All You Need to Know About the Google Phone

Confirmation of an impending Google phone, the Nexus One, has the tech world in a lather, but details about the phone itself remain scarce, and, true to form, Google’s public statements are limited to posts on the company’s blog. The touchscreen handset will be offered through Google’s web site, according to All Things Digital, and will launch with the help of T-Mobile USA but won’t enjoy the benefit of a carrier-subsidized price tag. Below is a quick rundown of all that we know, what we don’t know, and what the long-awaited Google Phone might really mean:

What the web is saying:
jkOnTheRun: I have no idea what it is, but if Google sells it without a carrier subsidy, it will either be cost-prohibitive for most consumers or Google will lose money on each.
PC Magazine: It’s clear that American consumers want some sort of messiah to save them from the structure of our wireless industry. But it’s not going to be Apple, and it’s probably not going to be Google, either.
All Things Digital: But even if Google’s device, which is supposedly going to be called the Nexus One (really?), does strike a chord with consumers, I don’t think Google is going to end up fully committed to the hardware business.
The Atlantic: For (Google CEO Eric) Schmidt, the future of online advertising isn’t on our desk. It’s in our hands. Google isn’t getting into the phone business so much as it’s getting into the mobile advertising business.
Wired: This may turn out to be a Zune-like move, where Microsoft alienated hardware makers by ignoring PlaysForSure in favor of its own new DRM scheme. Or the Nexus could be a light that burns twice as bright as all the existing confusion of Android handsets combined, thus building a brand that can rival the iPhone.

What it is:

  • Pictures from Engadget confirm that the Nexus One’s design is similar to the HTC Bravo that appeared on a leaked company road map for the first half of 2010. The phone supports Wi-Fi and appears to come loaded with Google Navigation and the new Google Goggles, an image recognition app that uses photos to search the web.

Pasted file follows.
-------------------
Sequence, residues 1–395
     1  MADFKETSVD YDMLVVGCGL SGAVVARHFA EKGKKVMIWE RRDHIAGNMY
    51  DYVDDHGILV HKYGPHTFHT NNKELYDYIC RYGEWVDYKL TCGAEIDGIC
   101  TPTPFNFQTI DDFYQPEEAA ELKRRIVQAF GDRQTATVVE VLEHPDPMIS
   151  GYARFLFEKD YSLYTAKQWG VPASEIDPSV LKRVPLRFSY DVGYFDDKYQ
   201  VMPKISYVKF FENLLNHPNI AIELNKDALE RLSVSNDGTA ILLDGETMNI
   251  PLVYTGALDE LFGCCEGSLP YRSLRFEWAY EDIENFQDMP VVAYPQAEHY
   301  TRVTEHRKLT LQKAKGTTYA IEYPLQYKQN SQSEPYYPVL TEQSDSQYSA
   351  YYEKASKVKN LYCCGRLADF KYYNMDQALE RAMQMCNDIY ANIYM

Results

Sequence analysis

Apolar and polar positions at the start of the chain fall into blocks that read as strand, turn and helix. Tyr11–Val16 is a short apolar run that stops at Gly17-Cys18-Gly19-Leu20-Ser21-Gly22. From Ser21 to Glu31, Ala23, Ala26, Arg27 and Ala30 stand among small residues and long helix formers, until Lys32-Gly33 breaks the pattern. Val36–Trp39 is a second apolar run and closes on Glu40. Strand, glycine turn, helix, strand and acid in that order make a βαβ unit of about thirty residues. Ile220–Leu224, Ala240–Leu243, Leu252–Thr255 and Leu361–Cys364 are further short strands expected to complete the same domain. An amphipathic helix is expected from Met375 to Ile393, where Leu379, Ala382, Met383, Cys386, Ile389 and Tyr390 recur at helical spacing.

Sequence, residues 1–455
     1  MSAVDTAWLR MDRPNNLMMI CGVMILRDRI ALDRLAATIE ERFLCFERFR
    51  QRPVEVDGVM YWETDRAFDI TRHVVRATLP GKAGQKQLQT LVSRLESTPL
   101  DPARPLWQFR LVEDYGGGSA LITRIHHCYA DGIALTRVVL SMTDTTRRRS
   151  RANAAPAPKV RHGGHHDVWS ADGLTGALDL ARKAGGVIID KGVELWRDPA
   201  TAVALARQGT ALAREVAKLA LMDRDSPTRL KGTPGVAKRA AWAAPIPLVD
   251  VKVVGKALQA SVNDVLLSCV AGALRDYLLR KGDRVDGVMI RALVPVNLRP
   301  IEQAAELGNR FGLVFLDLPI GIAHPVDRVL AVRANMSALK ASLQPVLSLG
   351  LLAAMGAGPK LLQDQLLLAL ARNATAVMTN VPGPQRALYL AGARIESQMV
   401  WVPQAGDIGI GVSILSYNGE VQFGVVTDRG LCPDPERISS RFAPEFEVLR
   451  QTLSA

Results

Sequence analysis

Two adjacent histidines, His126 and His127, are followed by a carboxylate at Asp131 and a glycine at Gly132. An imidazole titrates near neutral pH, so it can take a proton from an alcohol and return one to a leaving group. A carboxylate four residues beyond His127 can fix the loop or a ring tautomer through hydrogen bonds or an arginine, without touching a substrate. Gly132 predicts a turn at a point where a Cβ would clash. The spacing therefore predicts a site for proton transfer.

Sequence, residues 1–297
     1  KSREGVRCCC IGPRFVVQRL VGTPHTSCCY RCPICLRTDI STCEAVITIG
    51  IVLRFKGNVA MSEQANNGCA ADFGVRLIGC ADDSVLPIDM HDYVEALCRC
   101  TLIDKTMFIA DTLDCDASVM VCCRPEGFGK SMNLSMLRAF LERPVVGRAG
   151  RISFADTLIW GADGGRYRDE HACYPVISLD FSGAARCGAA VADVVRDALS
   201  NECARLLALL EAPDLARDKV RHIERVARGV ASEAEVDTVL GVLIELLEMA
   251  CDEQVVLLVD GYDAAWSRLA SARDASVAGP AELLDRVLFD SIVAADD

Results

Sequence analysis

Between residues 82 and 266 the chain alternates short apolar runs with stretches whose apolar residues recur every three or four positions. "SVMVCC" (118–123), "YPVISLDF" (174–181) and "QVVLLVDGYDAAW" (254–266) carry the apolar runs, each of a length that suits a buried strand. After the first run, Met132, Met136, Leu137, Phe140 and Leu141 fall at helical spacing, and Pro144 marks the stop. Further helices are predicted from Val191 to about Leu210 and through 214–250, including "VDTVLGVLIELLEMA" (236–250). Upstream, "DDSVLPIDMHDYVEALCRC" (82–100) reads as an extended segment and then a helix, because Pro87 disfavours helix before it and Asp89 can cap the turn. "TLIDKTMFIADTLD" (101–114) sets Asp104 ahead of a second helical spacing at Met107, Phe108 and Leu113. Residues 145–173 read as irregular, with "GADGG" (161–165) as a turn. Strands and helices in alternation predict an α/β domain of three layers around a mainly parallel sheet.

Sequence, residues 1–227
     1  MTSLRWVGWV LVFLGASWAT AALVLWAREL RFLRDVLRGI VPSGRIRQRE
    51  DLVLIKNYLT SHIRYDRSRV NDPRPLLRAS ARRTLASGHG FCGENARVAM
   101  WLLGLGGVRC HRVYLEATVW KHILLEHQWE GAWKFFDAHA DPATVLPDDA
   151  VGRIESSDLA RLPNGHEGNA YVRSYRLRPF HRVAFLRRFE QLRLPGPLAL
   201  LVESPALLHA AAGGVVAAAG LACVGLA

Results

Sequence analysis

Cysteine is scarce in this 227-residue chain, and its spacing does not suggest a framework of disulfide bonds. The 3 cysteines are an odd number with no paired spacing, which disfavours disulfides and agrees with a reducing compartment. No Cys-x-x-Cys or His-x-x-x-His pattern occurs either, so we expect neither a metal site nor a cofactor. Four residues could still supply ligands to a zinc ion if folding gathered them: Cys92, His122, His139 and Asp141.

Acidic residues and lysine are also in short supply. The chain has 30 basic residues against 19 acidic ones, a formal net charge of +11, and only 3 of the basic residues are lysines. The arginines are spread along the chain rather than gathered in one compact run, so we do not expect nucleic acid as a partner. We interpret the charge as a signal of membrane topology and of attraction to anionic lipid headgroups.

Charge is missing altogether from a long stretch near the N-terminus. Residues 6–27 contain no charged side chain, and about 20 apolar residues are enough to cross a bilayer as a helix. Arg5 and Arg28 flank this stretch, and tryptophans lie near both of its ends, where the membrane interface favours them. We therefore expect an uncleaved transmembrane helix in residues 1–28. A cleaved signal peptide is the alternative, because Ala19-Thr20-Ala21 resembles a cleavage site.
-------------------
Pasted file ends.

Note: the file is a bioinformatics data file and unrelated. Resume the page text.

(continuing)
• The phone uses GSM technology — an option Google pursued after Verizon Wireless declined to help Google push the device, according to All Things Digital. And the phone will be sold unlocked, allowing consumers to use SIM cards to make calls on the networks of AT&T and T-Mobile. Whether the handset will support 3G bands for both carriers, though, is unclear — and, as Kevin at jkOnTheRun notes, highly unlikely.
  • There are also rumors that it supports Flash and has a 5-Megapixel camera.

What it will cost:

  • The biggest question surrounding the Nexus One is its price tag. Unsubsidized high-end handsets such as Nokia’s N900 typically cost between $500 and $800, leaving them well out of the reach of most consumers. Google may look to lower the price by subsidizing the phone itself — perhaps with advertising dollars — but the company remains mum on its plans.
  • Nexus One owners may have to pay a hefty sum for the hardware, but they may be able to take advantage of T-Mobile’s discounted “Even More Plus” plans for service. The prepaid, no-contract plans debuted in October without support from subsidized handsets and are targeted at users who already have a phone or are willing to pay full price for the hardware. The plans, which T-Mobile touts as “1/2 the price of comparable AT&T or Verizon plans,” include an unlimited-everything option for $80 a month and a voice-only unlimited offering for $50 a month.

What it means:

  • It’s easy to pit Google’s Nexus One against Apple’s iPhone in a battle of smartphone heavyweights, but the the company’s strategies are still very different. Apple continues to embrace subsidies and target consumers with affordable devices, while Google’s upcoming phone could be prohibitively expensive and will likely be targeted directly at developers. The move is likely to effectively spur development of some innovative new Android apps, which certainly is a primary goal for Google. But it might also be a first step toward opening consumers’ minds to the concept of unsubsidized phones that someday can move from network to network. That’s an objective Google has been working toward since 2007, when it began lobbying the FCC to adopt open-access rules that require mobile carriers to support any device or app that can connect to their networks. The rules were adopted at last year’s spectrum auction, giving Google the opportunity — in theory, at least — to deploy a host of offerings across multiple networks. So Nexus One could be Google’s opening salvo in making that scenario reality.

Image courtesy Flickr user feureau.

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